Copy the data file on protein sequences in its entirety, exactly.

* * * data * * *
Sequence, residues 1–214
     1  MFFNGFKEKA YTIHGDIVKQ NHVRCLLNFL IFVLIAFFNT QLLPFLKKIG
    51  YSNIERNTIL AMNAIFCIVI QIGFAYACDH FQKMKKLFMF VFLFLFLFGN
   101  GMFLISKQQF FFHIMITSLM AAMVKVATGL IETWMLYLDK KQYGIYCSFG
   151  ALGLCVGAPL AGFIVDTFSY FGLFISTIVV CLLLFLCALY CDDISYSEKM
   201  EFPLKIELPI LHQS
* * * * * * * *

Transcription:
Sequence, residues 1–214
     1  MFFNGFKEKA YTIHGDIVKQ NHVRCLLNFL IFVLIAFFNT QLLPFLKKIG
    51  YSNIERNTIL AMNAIFCIVI QIGFAYACDH FQKMKKLFMF VFLFLFLFGN
   101  GMFLISKQQF FFHIMITSLM AAMVKVATGL IETWMLYLDK KQYGIYCSFG
   151  ALGLCVGAPL AGFIVDTFSY FGLFISTIVV CLLLFLCALY CDDISYSEKM
   201  EFPLKIELPI LHQS